By Doug Hare EBS STAFF
Bespectacled, unassuming with a wiry build, Rick Bass can look the part of professor or an elk hunter returning to camp depending on circumstance. A native of Houston, Texas, Bass attended Utah State University in Logan where he studied petroleum geology, often slipping into the wilderness of northern Utah with little more than a sleeping bag and a backpack full of books.
After college, Bass took a job and spent seven and a half years digging around for gas and oil reserves in Mississippi and Alabama. Despite a grueling work schedule, he’d visit independent bookstores on lunch breaks and read voraciously—eventually he got his hands on Jim Harrison’s “Legends of the Fall,” a novella he credits with giving him the courage to try his own hand at putting pen to paper. He still writes longhand to this day.
As Bass tells it, one fateful afternoon he just “got in his truck and drove north and west.” He didn’t stop until he made it to the remote Yaak Valley in northwest Montana. Since answering the call to become a full-time writer in what’s left of the American frontier, Bass has spilled both ink and sweat trying to protect his chosen home from over-development.
“It’s amazing how much time I spend working on environmental advocacy pieces,” he said. “I’m still active with the Yaak Valley Forest Council: a lot of lobbying, fundraising and volunteering on the board.”
When asked about his writing routine, Bass recommends getting an early start for clarity of mind. “Morning is best,” he says, “before the hard realities of the day intrude with their sharp edges upon the thin membrane of the dream world.”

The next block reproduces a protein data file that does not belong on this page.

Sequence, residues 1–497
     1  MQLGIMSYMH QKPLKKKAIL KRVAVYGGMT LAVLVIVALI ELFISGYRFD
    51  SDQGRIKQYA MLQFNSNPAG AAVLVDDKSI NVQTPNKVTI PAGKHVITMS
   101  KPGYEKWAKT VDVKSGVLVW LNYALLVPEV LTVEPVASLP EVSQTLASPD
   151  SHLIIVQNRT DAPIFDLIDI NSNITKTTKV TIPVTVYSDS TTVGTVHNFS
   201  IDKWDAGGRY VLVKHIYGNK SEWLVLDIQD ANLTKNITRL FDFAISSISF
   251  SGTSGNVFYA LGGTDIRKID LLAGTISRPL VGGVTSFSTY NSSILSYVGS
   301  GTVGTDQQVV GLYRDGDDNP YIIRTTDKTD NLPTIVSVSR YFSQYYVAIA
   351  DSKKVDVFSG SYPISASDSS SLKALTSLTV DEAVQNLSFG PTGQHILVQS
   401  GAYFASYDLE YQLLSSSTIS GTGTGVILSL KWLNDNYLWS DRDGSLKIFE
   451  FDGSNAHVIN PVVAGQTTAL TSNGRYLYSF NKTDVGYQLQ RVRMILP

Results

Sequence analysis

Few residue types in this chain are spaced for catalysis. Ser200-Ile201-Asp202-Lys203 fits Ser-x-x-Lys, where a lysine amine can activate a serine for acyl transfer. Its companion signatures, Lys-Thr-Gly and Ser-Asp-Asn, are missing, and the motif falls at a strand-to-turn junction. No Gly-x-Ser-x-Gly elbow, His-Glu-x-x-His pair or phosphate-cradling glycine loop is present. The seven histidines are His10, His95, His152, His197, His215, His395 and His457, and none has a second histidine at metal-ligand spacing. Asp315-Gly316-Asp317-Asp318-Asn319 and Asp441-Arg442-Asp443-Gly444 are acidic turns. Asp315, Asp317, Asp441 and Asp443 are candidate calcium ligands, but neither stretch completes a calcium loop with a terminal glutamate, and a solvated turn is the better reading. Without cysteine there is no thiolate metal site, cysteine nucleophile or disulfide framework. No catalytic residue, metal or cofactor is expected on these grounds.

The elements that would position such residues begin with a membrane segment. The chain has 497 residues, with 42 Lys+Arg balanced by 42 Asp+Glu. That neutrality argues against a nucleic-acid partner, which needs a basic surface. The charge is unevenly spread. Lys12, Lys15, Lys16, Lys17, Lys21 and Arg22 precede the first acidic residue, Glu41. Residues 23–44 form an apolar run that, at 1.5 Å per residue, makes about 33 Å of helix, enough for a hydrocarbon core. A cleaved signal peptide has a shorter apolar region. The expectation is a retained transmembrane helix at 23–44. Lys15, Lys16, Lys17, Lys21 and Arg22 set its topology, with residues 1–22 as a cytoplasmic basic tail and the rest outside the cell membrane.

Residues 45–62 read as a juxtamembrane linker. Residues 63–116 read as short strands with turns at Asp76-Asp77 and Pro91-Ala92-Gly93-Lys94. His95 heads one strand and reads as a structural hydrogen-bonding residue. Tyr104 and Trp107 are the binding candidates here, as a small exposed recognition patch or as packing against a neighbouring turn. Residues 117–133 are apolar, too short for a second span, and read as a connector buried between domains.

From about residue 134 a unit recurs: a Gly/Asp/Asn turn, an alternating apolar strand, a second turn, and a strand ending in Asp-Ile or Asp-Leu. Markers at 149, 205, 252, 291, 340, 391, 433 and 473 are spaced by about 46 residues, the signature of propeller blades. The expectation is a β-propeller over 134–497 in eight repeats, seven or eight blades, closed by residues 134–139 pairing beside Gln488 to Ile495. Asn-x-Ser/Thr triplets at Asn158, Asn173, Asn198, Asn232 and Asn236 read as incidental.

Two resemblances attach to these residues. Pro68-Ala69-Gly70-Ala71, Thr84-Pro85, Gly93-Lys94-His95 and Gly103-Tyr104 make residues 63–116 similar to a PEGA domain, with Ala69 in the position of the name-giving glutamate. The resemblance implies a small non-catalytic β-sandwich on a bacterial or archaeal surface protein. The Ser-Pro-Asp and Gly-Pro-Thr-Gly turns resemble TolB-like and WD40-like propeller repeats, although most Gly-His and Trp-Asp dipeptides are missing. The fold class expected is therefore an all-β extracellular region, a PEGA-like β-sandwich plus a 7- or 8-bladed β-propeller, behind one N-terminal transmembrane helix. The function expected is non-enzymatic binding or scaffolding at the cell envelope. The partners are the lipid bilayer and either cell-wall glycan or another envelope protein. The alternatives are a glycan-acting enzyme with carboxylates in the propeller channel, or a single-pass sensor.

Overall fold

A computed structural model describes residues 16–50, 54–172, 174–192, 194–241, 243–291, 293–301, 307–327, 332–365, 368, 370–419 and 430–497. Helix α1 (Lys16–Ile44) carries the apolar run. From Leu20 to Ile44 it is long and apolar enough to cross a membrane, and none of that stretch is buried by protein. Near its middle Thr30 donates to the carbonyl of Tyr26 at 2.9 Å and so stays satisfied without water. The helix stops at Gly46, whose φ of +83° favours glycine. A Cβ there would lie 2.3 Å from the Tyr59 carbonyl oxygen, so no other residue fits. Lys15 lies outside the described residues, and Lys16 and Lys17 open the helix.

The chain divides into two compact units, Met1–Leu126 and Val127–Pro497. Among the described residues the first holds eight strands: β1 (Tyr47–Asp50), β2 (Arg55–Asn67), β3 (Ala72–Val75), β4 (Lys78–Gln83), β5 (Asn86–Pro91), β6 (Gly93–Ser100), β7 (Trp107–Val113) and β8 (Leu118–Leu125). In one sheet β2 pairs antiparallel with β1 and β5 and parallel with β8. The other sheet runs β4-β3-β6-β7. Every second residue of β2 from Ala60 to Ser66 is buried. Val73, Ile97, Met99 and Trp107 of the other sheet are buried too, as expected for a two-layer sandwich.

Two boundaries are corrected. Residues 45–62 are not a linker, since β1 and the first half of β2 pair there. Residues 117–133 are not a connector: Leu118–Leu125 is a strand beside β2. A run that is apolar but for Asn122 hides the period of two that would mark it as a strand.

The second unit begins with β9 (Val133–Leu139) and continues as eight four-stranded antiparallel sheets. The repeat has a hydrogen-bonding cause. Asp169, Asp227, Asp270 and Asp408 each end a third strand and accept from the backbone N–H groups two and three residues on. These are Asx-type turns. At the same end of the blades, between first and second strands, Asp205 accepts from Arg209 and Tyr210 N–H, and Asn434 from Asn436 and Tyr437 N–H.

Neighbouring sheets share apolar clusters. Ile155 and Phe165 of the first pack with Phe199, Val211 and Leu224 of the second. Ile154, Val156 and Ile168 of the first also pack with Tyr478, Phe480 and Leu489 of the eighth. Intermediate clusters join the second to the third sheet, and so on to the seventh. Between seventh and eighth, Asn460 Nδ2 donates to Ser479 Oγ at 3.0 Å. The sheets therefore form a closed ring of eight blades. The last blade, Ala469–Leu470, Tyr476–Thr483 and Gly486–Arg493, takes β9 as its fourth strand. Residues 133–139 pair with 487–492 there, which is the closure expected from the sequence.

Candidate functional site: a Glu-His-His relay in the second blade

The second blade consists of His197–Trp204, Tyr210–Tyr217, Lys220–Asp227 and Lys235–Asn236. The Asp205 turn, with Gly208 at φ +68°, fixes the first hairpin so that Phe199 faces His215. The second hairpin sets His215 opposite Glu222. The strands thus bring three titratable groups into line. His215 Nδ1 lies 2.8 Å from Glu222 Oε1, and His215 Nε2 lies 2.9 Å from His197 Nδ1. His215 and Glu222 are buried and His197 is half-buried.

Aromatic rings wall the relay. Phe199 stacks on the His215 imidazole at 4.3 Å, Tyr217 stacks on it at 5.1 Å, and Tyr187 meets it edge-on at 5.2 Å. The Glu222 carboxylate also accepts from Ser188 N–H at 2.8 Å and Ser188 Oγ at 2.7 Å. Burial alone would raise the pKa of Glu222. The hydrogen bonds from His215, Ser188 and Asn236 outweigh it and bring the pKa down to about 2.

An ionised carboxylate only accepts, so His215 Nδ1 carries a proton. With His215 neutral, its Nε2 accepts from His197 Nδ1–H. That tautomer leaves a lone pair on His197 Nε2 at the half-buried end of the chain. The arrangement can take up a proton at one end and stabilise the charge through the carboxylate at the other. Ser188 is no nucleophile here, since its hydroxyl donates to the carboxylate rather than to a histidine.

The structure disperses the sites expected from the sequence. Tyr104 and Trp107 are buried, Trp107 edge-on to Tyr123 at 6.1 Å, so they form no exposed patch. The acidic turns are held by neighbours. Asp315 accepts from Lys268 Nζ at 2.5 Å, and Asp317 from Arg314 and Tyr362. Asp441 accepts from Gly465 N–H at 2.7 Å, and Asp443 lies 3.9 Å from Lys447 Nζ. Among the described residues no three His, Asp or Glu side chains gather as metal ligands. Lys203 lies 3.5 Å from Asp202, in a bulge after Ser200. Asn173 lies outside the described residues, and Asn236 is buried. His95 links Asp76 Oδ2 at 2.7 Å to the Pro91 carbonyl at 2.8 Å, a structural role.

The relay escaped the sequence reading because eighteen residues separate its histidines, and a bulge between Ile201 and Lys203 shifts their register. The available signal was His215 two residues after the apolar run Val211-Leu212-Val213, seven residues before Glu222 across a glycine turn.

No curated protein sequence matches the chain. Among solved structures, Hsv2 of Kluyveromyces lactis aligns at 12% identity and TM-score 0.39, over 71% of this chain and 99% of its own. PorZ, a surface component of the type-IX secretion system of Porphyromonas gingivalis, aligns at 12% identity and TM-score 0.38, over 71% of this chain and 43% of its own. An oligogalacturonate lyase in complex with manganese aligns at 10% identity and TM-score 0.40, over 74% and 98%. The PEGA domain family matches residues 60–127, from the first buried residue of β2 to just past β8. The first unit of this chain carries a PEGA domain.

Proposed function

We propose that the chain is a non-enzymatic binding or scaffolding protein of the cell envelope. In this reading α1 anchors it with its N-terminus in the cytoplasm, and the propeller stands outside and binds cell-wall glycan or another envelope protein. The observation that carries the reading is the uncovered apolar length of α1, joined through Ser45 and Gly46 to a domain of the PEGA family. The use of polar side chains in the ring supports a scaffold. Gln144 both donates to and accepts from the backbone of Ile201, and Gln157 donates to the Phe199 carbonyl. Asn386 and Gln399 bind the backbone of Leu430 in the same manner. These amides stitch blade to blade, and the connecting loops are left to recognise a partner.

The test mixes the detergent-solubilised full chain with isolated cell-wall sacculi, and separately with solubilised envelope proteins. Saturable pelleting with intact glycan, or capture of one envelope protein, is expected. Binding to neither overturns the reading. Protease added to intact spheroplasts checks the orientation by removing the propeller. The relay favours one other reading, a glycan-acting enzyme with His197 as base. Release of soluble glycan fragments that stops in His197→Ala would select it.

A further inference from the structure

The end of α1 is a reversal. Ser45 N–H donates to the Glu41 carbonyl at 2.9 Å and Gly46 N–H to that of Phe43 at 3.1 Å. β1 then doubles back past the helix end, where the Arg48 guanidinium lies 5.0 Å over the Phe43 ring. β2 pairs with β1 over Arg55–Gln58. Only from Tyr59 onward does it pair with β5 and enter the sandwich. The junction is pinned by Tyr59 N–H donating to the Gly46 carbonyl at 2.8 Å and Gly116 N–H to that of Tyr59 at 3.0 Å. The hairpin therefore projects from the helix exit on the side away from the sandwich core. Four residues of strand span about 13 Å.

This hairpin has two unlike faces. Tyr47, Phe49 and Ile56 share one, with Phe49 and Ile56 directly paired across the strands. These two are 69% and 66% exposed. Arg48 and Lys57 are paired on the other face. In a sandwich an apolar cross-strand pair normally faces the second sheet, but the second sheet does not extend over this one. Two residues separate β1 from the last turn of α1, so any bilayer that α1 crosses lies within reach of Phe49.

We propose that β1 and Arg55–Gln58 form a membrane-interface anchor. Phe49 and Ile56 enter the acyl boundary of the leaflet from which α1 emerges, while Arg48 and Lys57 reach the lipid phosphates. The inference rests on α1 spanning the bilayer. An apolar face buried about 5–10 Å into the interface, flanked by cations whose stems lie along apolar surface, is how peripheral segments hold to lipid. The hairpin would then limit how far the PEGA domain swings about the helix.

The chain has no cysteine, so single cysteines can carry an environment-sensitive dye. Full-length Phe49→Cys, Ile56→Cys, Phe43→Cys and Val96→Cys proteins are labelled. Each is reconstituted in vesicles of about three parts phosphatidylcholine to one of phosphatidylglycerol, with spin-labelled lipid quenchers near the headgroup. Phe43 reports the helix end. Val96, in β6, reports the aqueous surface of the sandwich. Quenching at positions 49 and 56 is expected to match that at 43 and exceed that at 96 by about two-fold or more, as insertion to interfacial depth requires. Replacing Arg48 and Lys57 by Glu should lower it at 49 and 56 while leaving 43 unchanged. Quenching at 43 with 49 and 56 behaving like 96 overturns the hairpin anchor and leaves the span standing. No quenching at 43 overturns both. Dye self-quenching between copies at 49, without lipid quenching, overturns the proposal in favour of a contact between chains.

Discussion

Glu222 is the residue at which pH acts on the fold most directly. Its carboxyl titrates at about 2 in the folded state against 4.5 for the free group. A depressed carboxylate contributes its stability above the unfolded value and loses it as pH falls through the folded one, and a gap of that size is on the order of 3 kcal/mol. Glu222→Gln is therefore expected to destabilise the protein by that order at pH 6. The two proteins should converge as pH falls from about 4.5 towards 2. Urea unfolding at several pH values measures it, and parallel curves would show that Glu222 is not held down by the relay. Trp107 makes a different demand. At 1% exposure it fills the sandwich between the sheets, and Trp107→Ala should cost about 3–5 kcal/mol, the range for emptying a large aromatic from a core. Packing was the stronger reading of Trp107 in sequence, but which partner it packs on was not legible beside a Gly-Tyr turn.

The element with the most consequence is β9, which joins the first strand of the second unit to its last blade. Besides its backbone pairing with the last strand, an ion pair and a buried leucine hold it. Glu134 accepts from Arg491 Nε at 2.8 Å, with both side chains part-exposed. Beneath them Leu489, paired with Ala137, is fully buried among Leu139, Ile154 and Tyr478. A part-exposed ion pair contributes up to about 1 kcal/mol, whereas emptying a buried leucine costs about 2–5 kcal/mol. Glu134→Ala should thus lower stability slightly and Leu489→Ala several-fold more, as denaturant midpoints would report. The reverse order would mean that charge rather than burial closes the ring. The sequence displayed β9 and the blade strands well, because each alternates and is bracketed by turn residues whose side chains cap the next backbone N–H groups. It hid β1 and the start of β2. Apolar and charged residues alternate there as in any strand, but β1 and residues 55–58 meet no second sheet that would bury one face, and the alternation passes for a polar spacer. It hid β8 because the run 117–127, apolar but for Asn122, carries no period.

In the hands of true craftsmen, the short story can have incandescent moments of revelation. With his keen eye for observing the natural world, an ear for the rhythmic cadences of sparse prose, and ability to move from elemental imagery to the mystery and awe of being alive inside of a paragraph, Bass’ best stories can have a transformative effect. The reader is somehow lulled into a false sense of security by a deceptive simplicity and disarming authenticity, only to be struck with observations that burst like Roman candles across a still night sky.
How did a petroleum geologist transform himself into a major American writer? His attention to tradition—his literary predecessors—his perseverance as a writer, dedication to his craft, and his immersive methodology of writing fiction were essential to his successful career change.
When Bass moved to Montana, Jim Harrison invited him and his wife, Elizabeth, to dinner. It was the beginning of a friendship that died only when Harrison did in the spring of 2016, pen in hand. “He was someone who made writing look like a lot of fun,” said Bass of his longtime friend. “He made living look like a lot of fun. … He became a role model for me whether I knew it or not.”
While his activism will never take a back seat to his literary ambitions, Bass’ latest collection of short stories in “For a Little While,” published in 2016, offers a portrait of an artist growing old, yet one whose imagination and craftsmanship only seem to grow stronger and more refined.
Bass himself sees little importance in being overly introspective. “The tunnel vision that a writer brings to his or her craft is intense. The focal point is binocular and precise,” he said. “You want to be down in the subconscious, watching the dream of the real time of the story.”
This article was adapted from “Rick Bass: The Sage of Yaak Valley on Writing, Teaching and the Late Jim Harrison,” published in the summer 2017 edition of Mountain Outlaw magazine.
Doug Hare is the Distribution Director for Outlaw Partners. He studied philosophy and American literature at Princeton and Harvard universities.
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